You’ve made it to the end! Well the last lecture, at least. Well done, it’s been a busy semester. As you’re all busy working on assessment tasks for this course (and others), this week’s lecture is just a recap of some perspectives that we’ve encountered throughout the course, with some comments here and there to give context. Being a Prezi, you may need to update your flash player to view, but your browser should alert you if this is the case.
Category Archives: General NetMed
General stuff about the course
Week 11 Lecture
In keeping with the theme of hypermedia, this week’s lecture has a bit of a different spin on it. Special thanks to Adrian Miles & Hannah Brasier for their contributions and insight.
Friday classes week 11 presentation times
Here are the group meeting times for my Friday classes. As Jeremy said please arrive at least 5 minutes before your scheduled time. All group members must be in attendance to receive the 5 bonus marks.
|8:30 class||wk11 meeting time|
|Van Trong Nguyen|
|Group name TBC||09:00|
|Women at Work||01:00|
|All 4 One||12:30|
|<insert group name here>||12:00|
|Caitlin Min Fa|
|Women in black||11:45|
Meeting times for Week 11 workshop
Please check below to confirm your group’s meeting time for the Week 11 workshops.
Please arrive 5 minutes before your start time so that we can keep all the meetings running smoothly.
Thinking about Hypermedia Stories
In last week’s workshop we discussed some questions around defining what a hypermedia story is, or might be. Here’s an overview of some responses that came up, which could be useful to help shape your group’s approach for the final assessment task.
Alasdair Foster Lecture: Creating shared culture – Art and the Pro-am
In my workshops a couple of weeks back, I mentioned attending a lecture by Alasdair Foster, who (amongst a list of notable achievements and experience) is currently a doctoral researcher in the Office of the Pro Vice-Chancellor Learning and Teaching, Monash University, Melbourne.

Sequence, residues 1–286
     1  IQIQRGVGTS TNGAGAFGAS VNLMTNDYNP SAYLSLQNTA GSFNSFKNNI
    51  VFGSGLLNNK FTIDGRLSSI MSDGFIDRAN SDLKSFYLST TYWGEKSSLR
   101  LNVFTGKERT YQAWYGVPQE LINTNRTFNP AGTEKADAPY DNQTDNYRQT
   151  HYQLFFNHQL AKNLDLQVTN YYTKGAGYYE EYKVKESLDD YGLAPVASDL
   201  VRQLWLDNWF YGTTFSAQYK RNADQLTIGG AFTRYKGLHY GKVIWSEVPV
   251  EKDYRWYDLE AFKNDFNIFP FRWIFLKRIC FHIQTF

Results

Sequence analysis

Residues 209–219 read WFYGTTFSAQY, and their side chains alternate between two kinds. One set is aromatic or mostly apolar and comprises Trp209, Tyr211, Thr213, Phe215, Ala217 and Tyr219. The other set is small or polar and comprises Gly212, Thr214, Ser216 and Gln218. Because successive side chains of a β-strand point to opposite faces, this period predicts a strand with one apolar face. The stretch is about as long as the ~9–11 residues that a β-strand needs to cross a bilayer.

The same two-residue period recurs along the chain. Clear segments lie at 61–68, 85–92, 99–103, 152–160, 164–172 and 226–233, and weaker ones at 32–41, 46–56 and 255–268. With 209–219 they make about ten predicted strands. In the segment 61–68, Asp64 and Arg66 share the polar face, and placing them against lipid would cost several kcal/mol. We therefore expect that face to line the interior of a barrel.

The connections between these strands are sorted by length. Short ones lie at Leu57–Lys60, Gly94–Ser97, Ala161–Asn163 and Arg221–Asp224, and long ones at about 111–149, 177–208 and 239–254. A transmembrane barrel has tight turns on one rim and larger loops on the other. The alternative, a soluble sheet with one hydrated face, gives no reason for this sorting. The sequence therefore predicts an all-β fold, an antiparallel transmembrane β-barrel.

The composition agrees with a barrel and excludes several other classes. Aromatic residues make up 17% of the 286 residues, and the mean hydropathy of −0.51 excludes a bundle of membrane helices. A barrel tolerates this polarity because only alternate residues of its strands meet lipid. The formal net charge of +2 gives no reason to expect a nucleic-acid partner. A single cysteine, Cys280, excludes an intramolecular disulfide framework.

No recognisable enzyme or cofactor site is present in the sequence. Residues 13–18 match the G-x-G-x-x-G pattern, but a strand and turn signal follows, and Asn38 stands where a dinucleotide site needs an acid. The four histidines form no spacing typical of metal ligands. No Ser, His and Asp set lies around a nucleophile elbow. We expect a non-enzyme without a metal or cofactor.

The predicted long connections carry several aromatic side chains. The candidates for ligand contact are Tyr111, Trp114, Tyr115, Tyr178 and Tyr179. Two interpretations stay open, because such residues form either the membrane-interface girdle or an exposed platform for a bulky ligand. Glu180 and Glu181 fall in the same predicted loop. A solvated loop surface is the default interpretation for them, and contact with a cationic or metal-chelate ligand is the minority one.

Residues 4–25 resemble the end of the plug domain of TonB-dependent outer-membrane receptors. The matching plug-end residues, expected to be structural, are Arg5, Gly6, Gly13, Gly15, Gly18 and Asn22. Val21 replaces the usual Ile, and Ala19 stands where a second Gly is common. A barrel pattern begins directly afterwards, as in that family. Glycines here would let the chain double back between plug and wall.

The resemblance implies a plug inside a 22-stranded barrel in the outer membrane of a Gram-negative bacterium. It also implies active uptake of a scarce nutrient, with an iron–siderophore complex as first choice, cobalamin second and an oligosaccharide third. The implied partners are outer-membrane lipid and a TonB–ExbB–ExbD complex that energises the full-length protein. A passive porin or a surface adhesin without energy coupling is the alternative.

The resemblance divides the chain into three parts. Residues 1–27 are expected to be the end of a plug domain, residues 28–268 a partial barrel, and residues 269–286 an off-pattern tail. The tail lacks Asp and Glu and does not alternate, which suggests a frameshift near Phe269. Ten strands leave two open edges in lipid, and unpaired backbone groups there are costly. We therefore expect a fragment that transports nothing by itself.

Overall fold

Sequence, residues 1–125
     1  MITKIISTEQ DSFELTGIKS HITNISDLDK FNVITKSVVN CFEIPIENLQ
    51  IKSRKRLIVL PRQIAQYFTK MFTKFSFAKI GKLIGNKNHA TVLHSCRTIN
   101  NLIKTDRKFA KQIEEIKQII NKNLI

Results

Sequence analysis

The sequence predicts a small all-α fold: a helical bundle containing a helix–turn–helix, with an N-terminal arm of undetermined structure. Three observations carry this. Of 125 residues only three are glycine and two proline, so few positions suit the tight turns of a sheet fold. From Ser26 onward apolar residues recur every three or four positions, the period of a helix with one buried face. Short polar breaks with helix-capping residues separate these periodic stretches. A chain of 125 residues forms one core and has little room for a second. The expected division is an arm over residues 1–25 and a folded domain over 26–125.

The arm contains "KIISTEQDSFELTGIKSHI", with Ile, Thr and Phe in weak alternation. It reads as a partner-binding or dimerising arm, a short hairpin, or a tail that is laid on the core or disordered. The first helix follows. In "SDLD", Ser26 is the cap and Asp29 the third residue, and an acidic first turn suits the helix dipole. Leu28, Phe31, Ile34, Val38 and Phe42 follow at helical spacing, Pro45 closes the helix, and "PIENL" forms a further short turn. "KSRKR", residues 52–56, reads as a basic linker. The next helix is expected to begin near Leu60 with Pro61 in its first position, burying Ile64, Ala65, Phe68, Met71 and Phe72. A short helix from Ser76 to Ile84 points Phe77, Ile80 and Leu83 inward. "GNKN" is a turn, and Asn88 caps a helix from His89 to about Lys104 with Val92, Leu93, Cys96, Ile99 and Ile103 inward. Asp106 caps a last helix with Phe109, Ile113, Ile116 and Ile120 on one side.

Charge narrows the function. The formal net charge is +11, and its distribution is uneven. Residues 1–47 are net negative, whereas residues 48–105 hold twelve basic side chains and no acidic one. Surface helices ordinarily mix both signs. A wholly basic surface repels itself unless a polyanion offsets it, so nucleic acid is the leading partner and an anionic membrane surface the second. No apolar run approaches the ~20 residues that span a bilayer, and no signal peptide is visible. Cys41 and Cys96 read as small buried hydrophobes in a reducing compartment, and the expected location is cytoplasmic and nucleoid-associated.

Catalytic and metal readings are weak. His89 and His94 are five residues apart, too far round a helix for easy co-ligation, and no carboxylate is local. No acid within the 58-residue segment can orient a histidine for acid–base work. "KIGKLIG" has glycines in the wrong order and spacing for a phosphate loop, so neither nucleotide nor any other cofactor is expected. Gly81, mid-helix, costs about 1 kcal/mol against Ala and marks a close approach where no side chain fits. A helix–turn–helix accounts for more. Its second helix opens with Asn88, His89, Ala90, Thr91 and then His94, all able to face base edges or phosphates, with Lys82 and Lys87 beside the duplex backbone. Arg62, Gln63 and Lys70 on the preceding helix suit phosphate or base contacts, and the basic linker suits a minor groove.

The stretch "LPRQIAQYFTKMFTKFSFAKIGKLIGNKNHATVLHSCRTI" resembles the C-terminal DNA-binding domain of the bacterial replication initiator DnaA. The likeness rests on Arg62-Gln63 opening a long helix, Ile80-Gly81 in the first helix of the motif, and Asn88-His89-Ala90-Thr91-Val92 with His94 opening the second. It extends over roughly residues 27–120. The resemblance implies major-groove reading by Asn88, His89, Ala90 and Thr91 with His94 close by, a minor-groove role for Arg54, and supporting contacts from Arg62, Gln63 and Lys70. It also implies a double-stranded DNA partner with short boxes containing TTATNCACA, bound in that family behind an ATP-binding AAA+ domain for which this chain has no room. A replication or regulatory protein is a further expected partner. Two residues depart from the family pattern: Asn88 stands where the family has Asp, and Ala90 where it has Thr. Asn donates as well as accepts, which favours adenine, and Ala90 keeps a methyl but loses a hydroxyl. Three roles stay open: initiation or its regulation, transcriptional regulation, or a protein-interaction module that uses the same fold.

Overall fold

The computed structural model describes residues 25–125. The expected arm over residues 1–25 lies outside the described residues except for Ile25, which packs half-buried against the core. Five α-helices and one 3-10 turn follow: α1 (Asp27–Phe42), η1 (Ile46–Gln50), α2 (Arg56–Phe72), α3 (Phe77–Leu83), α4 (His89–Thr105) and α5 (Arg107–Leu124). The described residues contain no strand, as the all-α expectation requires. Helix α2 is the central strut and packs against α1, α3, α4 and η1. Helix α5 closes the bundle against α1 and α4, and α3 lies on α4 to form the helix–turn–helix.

The lecture was titled ‘CREATING SHARED CULTURE – ART AND THE PRO-AM’, and provided a great insight into the development of maker culture and the historical context that this emerged out of (similarly to Bolter’s article on the entanglement of art & politics throughout the 20th century). For any of you interested in ‘professional-amateur’ practice, or looking for useful research into online communities and content creation, you should check out his work.
Blogging as Art
Lucas Ihleim has been developing the idea of blogging as art since 2005. Through a serious of blogging projects he has developed a method that:
“involves a regular, iterative cycle of action and interaction through ‘real-life’ encounters and online blog posting. It generates a temporary public sphere around a particular issue, location or cultural event, deepening attention and generating new insights at the level of the everyday”
I thought this would be interesting for those of you that are really enjoying developing a blogging voice.
His website has links to his blogging projects as well as links to some writing his done that theorises blogging as art, including his thesis.
Assessment Task 2: some guidance
Some really good questions have come up already about assessment task 2. You’ll (hopefully) notice that what it asks you to do is quite a bit broader than assessment task 1, and this is intentional; it’s challenging you to confront the inherent complexity of these things called networks, the web,online writing and communities. So here’s a few points to help you get underway.
A couple of people have mentioned that they are not sure which weeks include F2F lectures to attend, and which are online. To clarify:
Week 7: Online Lecture
Week 8: Public Holiday – No Lecture
Week 9: F2F Lecture – attend
Week 10: F2F Guest Lecture – attend
Week 11: Online lecture
Week 12: Online lecture
I was hoping to record the remaining F2F lectures but this option was unavailable, so please come along to week 9 & 10.
week 6 examples
Today, in the lecture, I used some contemporary examples to think about how media technologies can be analysed through technological deterministic, cultural materialistic, and poststructuralist lenses.
Aaron Dickinson Sachs in a media res article talks about how Netflix would be analysed from a technological determinist perspective.
Reference: Dickinson Sachs, Aaron. “Watching Netflix — Critical Commons.” Video. In Media Res: A Media Commons Project. N.p., 2 Dec. 2013. Web. 11 Apr. 2016.
Internet censorship is a good example to see how cultural forces impact the implementation, format, and content of technologies. North Korea is a country where Internet use is at it’s lowest. Matthew Sparks and Tong-Hyung Kim and Youkyung Lee talk about how the Internet functions in North Korea as a result certain governmental forces.